I can say this. In the weeks and months before the election I prayed for peace and found none. After the election was over, it came to me on its own. Where does that leave me? If this was all psychological, I wouldn’t expect the resolution of the election to be the end of it. Being thrown that significantly off kilter, I would expect it to happen again and soon, with something else being the trigger. But, if it was indeed spiritual sensitivity and insight provided by God, then I would not expect the next stressful occurrence to cause a similar foreboding. I would expect God to maintain my sense of peace. Well, so far, so good.
So there you have it; judge for yourself. Just another day trying to live life out on the rim…
You’re not alone in sensing great importance at the potentially ominous outcome this election season. I too felt an immense sense of relief Wednesday morning. This was a pivotal moment in our history, the results of which we can prayerfully watch unfold and appraise in hindsight. As a Christian I’m not only inclined, but I believe obligated, to view my world through the lenses of faith, scripture and prayer. Despite possessing a non-charismatic persuasion and at the risk of sounding like a loon, the last six-months weighed continually upon me with the foreboding of an epic struggle.
Do I agree with all of our Presidents policies? No. Do I worry over the increasing deficit? Yes. Do I still question the apparent intelligence foibles that propelled us into Iraq? Yes. But Im with the majority of other American Voters who indicated their top concern this year was Moral Values.
Interestingly enough, in the eyes of the world, our concern with morality merits little concern. The issues directly affecting them reside with our foreign policy in particular, our interventions into nations near them.
So you mean it wasn’t all in my head? 😉
nah! we must have somehow telepathically transmitted our paranoid delusions via the blogosphere! 😉
Nor, thankfully, was it all in my head! But remember this:
1Ki 19:18 Yet I have left [me] seven thousand in Israel, all the knees which have not bowed unto Baal, and every mouth which hath not kissed him.
There are still those real believers (true Christians, Followers of the Way) who grieve for our nation and it’s current moral morass. Not that ‘W’ is the answer, but I am thankful (I think…) that he has 4 more years as opposed to the alternative.
True Terry. There is always a remnant and even the “good guys” have sin they need to confess and courses they need to change.
This sense of foreboding has disturbed me greatly. I believe that anyone with an ounce of introspection would attempt to expose the source of this deep apprehension.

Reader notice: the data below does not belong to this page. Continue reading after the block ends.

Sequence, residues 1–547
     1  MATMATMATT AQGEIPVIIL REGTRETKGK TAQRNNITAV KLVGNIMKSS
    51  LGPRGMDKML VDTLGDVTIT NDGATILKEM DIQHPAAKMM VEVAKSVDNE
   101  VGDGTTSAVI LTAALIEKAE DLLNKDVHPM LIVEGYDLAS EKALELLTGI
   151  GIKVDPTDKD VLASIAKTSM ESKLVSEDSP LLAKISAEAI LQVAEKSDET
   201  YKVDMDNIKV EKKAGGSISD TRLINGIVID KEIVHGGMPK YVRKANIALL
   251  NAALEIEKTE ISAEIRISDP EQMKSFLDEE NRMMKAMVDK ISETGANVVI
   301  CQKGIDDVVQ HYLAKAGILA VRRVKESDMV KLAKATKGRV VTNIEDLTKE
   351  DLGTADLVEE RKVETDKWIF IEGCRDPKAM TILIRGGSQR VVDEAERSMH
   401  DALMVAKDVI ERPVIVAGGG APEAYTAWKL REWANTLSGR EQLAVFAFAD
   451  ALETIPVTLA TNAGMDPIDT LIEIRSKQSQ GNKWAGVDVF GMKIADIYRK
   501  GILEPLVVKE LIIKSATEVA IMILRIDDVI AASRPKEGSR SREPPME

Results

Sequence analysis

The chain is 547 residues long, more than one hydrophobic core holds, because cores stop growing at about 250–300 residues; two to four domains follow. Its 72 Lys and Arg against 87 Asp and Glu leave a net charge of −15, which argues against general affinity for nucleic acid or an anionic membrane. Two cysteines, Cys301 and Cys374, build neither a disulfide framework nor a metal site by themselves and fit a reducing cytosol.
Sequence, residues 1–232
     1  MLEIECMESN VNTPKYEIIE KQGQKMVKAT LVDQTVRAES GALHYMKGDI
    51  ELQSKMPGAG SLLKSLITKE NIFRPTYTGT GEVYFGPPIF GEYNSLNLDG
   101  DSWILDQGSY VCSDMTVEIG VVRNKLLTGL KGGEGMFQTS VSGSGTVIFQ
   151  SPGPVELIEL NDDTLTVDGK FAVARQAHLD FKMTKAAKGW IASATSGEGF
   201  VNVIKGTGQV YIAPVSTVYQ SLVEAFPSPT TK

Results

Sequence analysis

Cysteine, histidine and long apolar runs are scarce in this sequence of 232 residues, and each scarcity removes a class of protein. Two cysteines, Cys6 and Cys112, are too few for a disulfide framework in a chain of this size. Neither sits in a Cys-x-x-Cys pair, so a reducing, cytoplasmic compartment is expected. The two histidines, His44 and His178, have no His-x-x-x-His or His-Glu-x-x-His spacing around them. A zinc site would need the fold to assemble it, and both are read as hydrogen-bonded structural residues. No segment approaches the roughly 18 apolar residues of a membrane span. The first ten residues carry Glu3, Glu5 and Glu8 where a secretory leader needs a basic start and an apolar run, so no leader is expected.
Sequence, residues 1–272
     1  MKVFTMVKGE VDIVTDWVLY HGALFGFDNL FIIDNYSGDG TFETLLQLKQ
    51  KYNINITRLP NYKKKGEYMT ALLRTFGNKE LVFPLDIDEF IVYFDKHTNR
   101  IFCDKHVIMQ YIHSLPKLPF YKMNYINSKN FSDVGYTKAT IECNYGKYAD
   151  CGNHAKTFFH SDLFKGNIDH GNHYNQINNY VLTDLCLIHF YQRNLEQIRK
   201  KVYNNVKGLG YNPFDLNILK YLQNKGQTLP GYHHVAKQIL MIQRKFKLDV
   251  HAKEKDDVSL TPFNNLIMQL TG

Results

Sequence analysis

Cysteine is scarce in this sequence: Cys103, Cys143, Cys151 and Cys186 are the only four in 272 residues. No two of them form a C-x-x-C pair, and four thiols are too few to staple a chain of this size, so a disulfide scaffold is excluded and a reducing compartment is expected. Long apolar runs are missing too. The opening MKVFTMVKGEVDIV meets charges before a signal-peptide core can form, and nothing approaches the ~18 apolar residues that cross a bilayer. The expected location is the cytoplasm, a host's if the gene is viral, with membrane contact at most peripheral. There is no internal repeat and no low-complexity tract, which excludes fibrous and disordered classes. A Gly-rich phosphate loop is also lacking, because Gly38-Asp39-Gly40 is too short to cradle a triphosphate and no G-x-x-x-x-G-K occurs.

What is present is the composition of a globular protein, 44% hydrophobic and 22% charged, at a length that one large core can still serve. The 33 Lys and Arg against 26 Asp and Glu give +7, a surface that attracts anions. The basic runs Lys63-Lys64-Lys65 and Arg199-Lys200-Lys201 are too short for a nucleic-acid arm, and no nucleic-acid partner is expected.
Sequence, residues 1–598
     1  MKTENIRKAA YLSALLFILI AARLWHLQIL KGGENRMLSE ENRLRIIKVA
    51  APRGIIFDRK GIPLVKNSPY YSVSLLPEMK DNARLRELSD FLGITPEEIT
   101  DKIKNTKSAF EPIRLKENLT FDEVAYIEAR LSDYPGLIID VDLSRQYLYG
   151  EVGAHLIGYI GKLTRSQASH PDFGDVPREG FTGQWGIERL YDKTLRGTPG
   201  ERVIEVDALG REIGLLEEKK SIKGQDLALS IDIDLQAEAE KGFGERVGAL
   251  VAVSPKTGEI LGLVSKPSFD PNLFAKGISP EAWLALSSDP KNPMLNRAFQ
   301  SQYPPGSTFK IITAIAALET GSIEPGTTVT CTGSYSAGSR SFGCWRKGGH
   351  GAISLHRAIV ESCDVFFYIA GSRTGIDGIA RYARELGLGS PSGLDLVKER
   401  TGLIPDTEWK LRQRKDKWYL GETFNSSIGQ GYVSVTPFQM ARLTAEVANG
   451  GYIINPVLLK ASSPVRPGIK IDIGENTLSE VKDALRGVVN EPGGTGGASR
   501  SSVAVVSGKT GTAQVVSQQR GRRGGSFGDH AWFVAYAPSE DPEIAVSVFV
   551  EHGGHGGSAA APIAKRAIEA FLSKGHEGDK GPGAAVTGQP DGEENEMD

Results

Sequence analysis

While I may be out of line for saying so, I think your sense of apprehension and foreboding is a positive sign. Too many Christians are eager to maintain a sense of personal peace and are eager to avoid anything that disturbs that. But we should be disturbed, the world is (as it always has been) completely off kilter. To be engaged in Gods work, if in no other way than standing up for the truth, we can expect to feel psychological pain.
Your experience, in my opinion, shows that you arent completely numb to what is going on around you. I hope that it will encourage you to remain, as far as God allows, in the struggle. It isnt easy, but as they say, theres no crown without a cross.
(Sorry about the poor grammatical structure in the last post.)
I have had much a similar sense of foreboding/uncertainty in the last two months and asked many similar questions of “why?” and “what?”. Having the election settled (and the Red Sox winning the Series!) has relieved it some, but at this moment peace coexists with some lingering uncertainty which I believe, for good reason and to a good end, will never go away.
The return of peace to my heart comes again (always?) thanks to God’s Word. I have been studying 1 Peter with a friend. Verse by verse, and at times, word by word. Perhaps I have “come late to the party” but I am struck by how very matter of fact Peter is about the reality of facing trials, adversity, opposition, persecution, and discipline. Quite simply Peter, and the whole other testimony of Scripture says, “In this life you are going to face adversity, trials and testing… always.” But instead of just leaving us with “Get used to it”, we are told how to live in the face of it and that we have a current AND future hope.
Perhaps unconsciously, and almost certainly foolishly, I believe I had come to expect life in general to get better, go smoother, be less complicated and for me to face less adveristy. At this point I can only claim Jerimiah 17.9 as a cause. But the last few months have jarred me into recognizing again the fundamental corruption and brokeness that is not only IN the world, but actually IS the world. But that is good, (and Joe, I agree very strongly with your comment) for it is a right perspective and one that keeps me properly attuned to God’s Spirit and rightly (fully!) dependent on Christ for strength, courage, hope, grace, mercy and wisdom.
I could go on much further and include many Scriptural references but will close with a quote from the poet Rilke.
Be patient with all that is unresolved in your heart,
And try to love the questions themselves.
Do not seek for the answers that cannot be given,
For you would not be able to live them.
And the point is to live everything.
Live the questions for now.
And perhaps, without knowing it,
You will live along someday into the answers
Though clearly not purely Biblical, to me it enlarges a bit on Psalm 46.10, “Be still and know that I am God…”
Grace and peace
Joe and Simon,
What disturbed me was not the foreboding per se, but not being sure of the source. I see foreboding like pain as a good thing when it performs the proper function of alerting me to a problem, but chronic pain is bad, as would be chronic foreboding.